Cult figure, rock & roll legend and music writer, Cub Koda defined jump blues as an up-tempo, jazz-tinged style of blues that first came to prominence in the mid- to late '40s. Usually featuring a vocalist in front of a large, horn-driven orchestra or medium sized combo with multiple horns, the style is earmarked by a driving rhythm, intensely shouted vocals, and honking tenor saxophone solos all of those very elements a precursor to rock & roll. The lyrics are almost always celebratory in nature, full of braggadocio and swagger.
After starting out as an unsuccessful pop singer (working under the name Vance Arnold), Joe Cocker found his niche singing rock and soul in the pubs of England with his superb backing group, the Grease Band. He hit number one in the U.K. in November 1968 with his version of the Beatles' "A Little Help from My Friends." His career really took off after he sang that song at Woodstock in August 1969…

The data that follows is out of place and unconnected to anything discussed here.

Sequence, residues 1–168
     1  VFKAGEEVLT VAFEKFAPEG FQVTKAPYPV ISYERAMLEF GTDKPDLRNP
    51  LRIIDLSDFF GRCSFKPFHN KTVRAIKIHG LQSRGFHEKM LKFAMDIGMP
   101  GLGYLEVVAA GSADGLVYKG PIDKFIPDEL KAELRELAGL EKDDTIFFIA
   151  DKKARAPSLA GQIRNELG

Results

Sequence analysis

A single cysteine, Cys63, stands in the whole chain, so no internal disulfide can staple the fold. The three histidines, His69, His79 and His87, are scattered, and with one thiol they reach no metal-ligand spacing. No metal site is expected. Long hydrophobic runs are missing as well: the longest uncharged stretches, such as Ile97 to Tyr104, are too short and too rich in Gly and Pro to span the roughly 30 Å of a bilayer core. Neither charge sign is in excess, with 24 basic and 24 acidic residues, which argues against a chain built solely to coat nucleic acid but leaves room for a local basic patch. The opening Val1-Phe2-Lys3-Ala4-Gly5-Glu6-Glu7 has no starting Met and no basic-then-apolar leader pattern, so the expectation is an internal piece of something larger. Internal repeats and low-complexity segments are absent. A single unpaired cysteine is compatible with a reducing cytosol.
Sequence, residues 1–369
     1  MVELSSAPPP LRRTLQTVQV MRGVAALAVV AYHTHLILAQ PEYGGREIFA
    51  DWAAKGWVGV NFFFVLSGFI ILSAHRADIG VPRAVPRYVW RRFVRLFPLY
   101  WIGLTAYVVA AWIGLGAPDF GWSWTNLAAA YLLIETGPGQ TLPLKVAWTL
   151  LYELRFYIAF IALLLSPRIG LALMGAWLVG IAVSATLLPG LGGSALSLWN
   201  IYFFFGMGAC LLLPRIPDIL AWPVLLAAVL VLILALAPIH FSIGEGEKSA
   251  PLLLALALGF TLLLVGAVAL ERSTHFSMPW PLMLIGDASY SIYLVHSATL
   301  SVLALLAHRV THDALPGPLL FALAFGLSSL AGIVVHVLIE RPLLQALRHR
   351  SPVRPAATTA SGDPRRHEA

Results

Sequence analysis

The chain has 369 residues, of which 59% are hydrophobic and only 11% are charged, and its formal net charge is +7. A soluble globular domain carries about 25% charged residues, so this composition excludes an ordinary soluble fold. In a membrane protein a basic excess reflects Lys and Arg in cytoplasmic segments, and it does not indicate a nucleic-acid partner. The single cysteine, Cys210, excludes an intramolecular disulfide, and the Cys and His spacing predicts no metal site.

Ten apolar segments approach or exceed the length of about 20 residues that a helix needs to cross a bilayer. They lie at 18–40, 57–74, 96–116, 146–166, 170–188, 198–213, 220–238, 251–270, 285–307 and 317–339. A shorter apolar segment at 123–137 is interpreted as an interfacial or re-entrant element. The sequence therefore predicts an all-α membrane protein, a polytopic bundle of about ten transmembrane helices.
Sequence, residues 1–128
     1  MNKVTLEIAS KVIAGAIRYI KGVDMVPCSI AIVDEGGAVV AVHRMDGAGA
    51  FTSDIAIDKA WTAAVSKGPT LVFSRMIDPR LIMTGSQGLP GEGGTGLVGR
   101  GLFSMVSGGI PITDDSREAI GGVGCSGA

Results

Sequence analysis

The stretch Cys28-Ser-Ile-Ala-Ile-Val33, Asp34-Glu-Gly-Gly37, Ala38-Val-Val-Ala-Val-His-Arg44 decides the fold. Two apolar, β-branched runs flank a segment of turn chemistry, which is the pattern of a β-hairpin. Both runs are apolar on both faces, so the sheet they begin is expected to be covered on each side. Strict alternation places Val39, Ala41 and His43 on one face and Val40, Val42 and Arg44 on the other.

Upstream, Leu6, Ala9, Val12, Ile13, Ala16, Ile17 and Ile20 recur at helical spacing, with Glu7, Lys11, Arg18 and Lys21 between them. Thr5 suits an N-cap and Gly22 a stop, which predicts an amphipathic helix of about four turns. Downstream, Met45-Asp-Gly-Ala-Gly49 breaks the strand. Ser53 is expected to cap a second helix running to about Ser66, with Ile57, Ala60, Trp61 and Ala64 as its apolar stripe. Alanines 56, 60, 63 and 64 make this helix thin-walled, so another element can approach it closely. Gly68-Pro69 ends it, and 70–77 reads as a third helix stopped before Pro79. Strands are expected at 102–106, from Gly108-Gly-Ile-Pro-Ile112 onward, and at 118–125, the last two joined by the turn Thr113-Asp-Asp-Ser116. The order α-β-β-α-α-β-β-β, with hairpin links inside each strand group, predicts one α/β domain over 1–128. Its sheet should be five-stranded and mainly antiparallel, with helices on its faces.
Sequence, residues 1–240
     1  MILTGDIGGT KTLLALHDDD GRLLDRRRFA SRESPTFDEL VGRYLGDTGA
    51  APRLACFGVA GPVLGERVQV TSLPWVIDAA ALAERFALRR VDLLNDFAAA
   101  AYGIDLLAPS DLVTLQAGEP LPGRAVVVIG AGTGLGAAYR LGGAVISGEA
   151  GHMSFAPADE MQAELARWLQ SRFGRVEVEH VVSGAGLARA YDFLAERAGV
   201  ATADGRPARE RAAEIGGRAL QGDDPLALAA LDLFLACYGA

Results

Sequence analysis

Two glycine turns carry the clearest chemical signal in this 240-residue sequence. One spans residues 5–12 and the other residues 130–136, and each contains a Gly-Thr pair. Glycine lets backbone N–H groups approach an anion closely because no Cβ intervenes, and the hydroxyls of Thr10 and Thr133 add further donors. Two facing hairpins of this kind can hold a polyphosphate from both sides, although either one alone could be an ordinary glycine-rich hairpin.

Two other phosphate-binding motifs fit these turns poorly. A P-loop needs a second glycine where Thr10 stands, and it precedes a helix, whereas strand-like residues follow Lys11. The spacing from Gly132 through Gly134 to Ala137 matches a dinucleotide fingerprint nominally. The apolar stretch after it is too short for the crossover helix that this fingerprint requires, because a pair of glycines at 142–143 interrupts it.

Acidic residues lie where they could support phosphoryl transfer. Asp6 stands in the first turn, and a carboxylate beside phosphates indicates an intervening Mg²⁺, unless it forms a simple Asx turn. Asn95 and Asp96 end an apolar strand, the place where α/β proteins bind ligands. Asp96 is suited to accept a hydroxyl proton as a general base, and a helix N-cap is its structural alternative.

Back in the early 40's, blues and jazz were pretty much synonymous. The big bands were exciting audiences with their new stomping jump blues performances, which Billboard recommended for "hepsters who go for swing and boogie, and beats in a loud, hot unrelenting style." Jump Blues combined the popular boogie-woogie rhythms of the day with gritty swing solos and "playful lyrics laced with jive talk." More than seven decades later, Jump Blues still pulls listeners out of their seats and onto the dance floor with its boogie-woogie grooves and heavy, insistent beats.
Ear training is a skill that can be built to identify chords, their quality, intervals and rhythmic structure. This skill is invaluable for those wishing to learn songs, and compose music by ear.